This program is funded in part by the Mass Humanities, which receives support from the Massachusetts Cultural Council and is an affiliate of the National Endowment for the Humanities.
In the fall of 1959, Harvard College admitted eighteen “Negro” boys to its freshman class. Four years later, they graduated as Afro-Americans, as Black men. I was one of them. We were The Last Negroes at Harvard.
Now in our seventies, we are part of the generation that includes the Little Rock Nine and James Meredith, and our stories are also a part of Black history in the United States. We entered Harvard without US Marshals and crowds of venomous Southern racists; we weren’t the despised “niggers” at that front in the war for equality. We were, instead, the invited guests of the white aristocracy, and we represented, at least to the white northeast liberal elite, the deserving and well-behaved “Negro,” actively recruited as Harvard’s first foray into what would become Affirmative Action. We had come to Harvard from North and South, from the urban projects and from the upper echelons of the Black elite, with all kinds of hopes and experiences and interests. We came with little in common except our youth (two not yet and four barely seventeen, none over eighteen), our academic ability, and our culturally defined “color,” although in truth our colors were so different that we ourselves couldn’t always recognize each other. We were brought to Harvard and left to fend for ourselves in the citadel of white privilege.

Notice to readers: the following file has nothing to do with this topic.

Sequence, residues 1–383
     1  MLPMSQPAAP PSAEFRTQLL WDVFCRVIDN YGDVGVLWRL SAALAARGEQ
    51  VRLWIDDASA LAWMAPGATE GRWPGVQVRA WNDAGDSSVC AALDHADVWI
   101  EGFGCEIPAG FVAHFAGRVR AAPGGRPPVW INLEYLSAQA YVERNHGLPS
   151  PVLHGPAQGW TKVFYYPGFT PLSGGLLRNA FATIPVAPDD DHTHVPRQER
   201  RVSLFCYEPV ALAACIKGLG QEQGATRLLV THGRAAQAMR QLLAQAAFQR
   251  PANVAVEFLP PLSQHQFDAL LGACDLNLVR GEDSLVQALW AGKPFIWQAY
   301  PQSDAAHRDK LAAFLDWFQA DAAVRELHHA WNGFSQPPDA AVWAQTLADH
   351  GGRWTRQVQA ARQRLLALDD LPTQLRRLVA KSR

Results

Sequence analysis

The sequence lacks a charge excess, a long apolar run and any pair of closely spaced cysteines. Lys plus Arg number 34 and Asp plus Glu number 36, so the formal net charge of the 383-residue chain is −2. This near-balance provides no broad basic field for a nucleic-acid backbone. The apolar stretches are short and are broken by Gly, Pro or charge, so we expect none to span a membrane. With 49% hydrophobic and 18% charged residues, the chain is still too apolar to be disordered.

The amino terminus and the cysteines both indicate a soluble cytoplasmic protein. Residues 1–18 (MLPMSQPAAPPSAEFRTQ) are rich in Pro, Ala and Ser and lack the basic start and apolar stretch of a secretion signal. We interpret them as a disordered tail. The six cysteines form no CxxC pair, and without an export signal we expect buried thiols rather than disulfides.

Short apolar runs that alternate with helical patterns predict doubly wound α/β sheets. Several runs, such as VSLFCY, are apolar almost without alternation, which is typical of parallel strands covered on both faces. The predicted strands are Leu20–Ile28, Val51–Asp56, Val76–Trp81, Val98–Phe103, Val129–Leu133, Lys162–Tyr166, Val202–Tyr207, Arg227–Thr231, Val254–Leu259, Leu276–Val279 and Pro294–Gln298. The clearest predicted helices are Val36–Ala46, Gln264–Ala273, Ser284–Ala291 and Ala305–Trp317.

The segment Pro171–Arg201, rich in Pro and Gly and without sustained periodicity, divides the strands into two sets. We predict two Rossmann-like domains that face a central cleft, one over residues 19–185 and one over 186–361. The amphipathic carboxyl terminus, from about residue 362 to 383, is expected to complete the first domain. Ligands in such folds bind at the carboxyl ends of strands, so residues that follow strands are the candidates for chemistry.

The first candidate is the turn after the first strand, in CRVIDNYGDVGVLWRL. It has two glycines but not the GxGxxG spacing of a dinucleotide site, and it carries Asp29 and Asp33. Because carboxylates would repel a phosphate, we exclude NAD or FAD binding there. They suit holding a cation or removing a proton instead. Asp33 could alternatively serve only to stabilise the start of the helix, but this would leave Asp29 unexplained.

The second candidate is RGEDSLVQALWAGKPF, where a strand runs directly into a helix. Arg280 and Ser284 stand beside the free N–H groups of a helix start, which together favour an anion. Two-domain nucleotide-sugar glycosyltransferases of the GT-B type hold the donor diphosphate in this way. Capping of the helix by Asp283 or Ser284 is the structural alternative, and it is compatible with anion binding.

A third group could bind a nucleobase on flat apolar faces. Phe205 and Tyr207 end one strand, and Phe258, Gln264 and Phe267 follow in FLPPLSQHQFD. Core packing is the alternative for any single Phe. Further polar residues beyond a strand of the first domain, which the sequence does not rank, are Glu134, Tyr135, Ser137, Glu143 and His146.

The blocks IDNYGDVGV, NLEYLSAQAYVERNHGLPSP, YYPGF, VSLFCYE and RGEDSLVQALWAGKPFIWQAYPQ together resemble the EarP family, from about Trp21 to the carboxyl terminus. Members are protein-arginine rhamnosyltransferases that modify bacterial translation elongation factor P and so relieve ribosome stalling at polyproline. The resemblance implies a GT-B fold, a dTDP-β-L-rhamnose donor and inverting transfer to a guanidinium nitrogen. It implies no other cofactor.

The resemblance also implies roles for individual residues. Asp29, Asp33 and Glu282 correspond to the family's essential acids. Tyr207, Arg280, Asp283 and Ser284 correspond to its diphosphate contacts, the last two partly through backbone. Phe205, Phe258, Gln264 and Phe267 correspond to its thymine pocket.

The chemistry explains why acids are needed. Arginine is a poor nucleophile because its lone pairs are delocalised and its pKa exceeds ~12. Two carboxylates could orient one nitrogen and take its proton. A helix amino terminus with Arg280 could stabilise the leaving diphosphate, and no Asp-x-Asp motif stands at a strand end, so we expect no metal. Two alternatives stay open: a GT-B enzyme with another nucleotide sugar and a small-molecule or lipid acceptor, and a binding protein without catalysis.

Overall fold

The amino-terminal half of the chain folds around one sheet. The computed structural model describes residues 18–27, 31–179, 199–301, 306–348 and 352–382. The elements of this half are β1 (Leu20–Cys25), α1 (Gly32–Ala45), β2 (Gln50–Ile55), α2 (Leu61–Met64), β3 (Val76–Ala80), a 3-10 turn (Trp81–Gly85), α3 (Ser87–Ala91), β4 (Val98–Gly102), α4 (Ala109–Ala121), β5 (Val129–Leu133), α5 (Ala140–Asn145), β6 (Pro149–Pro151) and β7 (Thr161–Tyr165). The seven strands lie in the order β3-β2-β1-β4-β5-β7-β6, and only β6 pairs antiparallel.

Six years before we got to Harvard, a cross had been burned outside a dormitory that housed two Black students, and as the flood of G.I. Bill students ebbed and the 1950s wound down, the college was tilting strongly to the right and looking backward, longingly, to the days when Harvard was the exclusive province of the white ruling class. This is the Harvard we entered. We experienced a full range of reactions from our eleven hundred white classmates: at times, we were seen as insignificant anomalies with nothing much to contribute, and we experienced both subtly and blatantly racist assumptions and practices; but much of the time, we were treated as friends, if not equals, and our intellects were valued and stimulated. Often, we were seen as curiosities, objectified as anthropological specimens: at least two “studies” of us were done by white students, titled provocatively, “Bright Shadows in the Yard,” and “Rising Sons of Darkness.” Like all college students, we learned and loved and worried and fooled around; but we were always The Negroes.
We were the first generation to come to Harvard in numbers large enough to build a collective identity, despite the fact that we were the last generation to go to a Harvard with no Black studies, no Black faculty or administrators, no Black student groups. Early on, it was as simple as establishing Harvard’s first Black Table in the dining hall, sharing our experiences and “educating” our white classmates. And by the time we were seniors, we had joined with our African national classmates to fight for the right to form an exclusive Black students’ group, we had met Malcolm X, and we had all succeeded academically. We were the first beneficiaries of Affirmative Action, the first wave of Black activism at Harvard, a wave that would crest in the late 1960s. We left Harvard with changed identities and with a commitment to the cause that would shape many of our lives and careers.